I've done freediving on my own for years, trying to go down as deep as I could but never pushed my limit beyond the first panic-point. With JJ's teaching, I gained confidence going further down until the next panic-point, and the next. So far, I've reached the 3rd panic-point before I head up to the surface. My burning question now is, how many panic-points can I ignore until I face the real deal - when I no longer have enough air on my way back? There was an element of Russian Roulette to it. By pushing my dive, every descent essentially brings me face-to-face with death - and then come back up to tell the tale. And this is what sets freediving apart from scuba diving. Scuba diving is a recreational pleasure (OWD) while the freediving is pushing your limit, getting a sense of your fragile mortality as you gasp for life-giving air when you finally reach the surface.

Yoga-Freediving Private Practice
For my own private practice, and also if I should teach freediving at some point (my certification papers are being processed), I would integrate yoga and freediving as one singular package - full asana, pranayama, freediving and meditation, in that particular order. I find freediving no different from yoga - the same elements apply. The stretching uses yoga asanas, breathing exercises are all pranayama, mindful descent is a meditative vinyasa, breath-hold going down is kumbhaka and remaining calm as the panic-point is reached is non-reaction. Indeed, freediving is aqua-yoga.

My profound gratitude to my teacher Jean-Jacques Gautier for being giving, for being 'there' for all of us, and for being a great example of a human being. With his prospect of coming back to the Philippines next year to conduct freediving courses, I eagerly look forward to working and learning from him again.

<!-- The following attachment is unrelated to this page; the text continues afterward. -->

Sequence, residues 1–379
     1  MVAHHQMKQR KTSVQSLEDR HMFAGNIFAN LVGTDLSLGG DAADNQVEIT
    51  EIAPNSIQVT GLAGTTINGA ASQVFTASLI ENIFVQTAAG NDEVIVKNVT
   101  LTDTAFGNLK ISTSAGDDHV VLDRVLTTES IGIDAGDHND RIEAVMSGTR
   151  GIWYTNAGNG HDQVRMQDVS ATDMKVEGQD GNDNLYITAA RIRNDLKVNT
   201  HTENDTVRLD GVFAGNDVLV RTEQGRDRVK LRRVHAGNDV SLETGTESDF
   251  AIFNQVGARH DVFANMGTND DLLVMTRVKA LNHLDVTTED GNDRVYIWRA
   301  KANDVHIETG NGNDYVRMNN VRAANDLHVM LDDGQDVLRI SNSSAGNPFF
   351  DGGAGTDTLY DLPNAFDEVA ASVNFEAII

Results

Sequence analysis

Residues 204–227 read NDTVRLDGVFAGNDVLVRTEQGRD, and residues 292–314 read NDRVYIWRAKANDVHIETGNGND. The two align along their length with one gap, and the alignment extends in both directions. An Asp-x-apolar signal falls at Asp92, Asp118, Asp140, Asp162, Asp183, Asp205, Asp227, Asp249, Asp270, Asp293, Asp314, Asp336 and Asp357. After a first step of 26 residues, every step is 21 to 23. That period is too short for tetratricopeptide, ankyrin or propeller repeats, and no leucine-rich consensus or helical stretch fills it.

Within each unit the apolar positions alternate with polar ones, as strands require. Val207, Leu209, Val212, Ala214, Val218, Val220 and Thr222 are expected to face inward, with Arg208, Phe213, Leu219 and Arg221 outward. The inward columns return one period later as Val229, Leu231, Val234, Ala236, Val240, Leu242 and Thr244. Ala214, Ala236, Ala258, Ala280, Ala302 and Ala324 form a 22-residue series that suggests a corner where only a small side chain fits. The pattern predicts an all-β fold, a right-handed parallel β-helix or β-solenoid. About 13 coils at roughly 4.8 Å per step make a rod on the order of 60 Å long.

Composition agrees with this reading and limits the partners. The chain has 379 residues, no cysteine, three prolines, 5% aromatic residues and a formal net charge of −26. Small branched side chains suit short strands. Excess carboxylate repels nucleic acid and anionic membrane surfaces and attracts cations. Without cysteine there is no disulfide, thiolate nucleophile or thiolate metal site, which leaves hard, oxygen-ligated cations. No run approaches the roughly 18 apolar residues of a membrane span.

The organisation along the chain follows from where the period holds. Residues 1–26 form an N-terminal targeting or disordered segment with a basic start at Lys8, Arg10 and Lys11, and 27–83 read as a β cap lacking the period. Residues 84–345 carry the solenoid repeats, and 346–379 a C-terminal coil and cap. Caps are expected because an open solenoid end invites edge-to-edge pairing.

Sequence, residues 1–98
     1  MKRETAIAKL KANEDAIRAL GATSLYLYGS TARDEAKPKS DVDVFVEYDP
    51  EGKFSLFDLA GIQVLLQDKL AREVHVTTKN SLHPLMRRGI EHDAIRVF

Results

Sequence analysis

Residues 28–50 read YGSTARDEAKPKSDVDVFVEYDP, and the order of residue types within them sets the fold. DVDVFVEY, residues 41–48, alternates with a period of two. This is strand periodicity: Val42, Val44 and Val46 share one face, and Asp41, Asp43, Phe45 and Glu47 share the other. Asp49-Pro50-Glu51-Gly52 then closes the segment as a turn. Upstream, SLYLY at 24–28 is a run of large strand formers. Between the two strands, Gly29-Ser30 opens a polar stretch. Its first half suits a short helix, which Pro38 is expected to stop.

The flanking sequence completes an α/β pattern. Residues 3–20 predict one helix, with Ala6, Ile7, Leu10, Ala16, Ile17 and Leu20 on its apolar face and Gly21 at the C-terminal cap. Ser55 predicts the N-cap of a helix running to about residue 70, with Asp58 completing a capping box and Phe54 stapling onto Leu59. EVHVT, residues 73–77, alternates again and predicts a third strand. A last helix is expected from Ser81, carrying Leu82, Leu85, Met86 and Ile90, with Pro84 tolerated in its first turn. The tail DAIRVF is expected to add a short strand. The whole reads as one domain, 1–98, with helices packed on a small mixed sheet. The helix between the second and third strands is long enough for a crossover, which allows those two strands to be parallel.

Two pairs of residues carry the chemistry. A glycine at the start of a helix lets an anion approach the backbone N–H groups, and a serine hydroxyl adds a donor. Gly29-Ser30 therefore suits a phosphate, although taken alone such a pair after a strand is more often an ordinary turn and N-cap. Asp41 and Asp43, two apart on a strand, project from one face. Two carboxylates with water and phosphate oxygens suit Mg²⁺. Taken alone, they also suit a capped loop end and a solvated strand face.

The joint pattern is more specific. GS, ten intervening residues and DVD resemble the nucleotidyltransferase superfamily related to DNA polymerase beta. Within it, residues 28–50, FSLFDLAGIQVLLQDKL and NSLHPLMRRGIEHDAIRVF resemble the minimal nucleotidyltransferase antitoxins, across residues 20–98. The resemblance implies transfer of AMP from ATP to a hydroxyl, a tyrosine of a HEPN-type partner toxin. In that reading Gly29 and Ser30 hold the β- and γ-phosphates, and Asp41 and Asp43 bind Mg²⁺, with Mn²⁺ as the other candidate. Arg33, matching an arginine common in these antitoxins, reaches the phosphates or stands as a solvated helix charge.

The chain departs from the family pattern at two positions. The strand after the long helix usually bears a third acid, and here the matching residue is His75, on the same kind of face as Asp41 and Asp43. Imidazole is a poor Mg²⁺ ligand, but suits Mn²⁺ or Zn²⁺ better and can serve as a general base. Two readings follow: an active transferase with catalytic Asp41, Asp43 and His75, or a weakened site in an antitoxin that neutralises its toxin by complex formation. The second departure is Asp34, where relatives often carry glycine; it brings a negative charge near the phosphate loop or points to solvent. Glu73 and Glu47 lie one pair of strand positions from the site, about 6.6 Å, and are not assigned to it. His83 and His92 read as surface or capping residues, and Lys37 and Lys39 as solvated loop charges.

--- Gigit (TheLoneRider)
YOGA by Gigit Yoga by Gigit | Learn English Learn English | Travel like a Nomad Nomad Travel Buddy | Donation Bank Donation Bank for TheLoneRider

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ps - If you want me to objectively write about a freedive experience in your dive shop, email me.

Freedive Training Blogs by TheLoneRider
  1. Freediving with Jean Pol Francois of Freediving-Planet July 22, 2017
  2. Freediving with Ben Meerhaeghe at SeaQuest Dive Center June 16, 2017
  3. Freediving Certification Course in Apo Island with Jean-Jacques Gautier of Plongeurs du Monde Apr 11-22, 2017
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Reader Comments:

Chai MateoChai Philippines
(Apr 30, 2017) Sayang! I planned to go visit u there for freediving but schedule did not permit :( now you're in Dumaguete na, right? If u decide to teach, I'll surely join I'll try the trick next time coz up to now i still panic and go back up fast

Google Map Apo Island, Dauin, Philippines

diving spots in Apo Island dive spots
  • Coconut in Apo Island Coconut - drift dive, school of Trevali, big fish
  • Cogon in Apo Island Cogon - drift dive
  • Mamsa in Apo Island Mamsa
  • Boluarte in Apo Island Boluarte
  • Largahan in Apo Island Largahan
  • Chapel in Apo Island Chapel - wall dive
  • Katipanan in Apo Island Katipanan
  • Rock Point in Apo Island Rock Point
hotels in Apo Island homestay / dive shop in Apo Island dive shop

Apo Island FYI / Tips

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(US$1 = Php 45.26 as of July 7, 2015)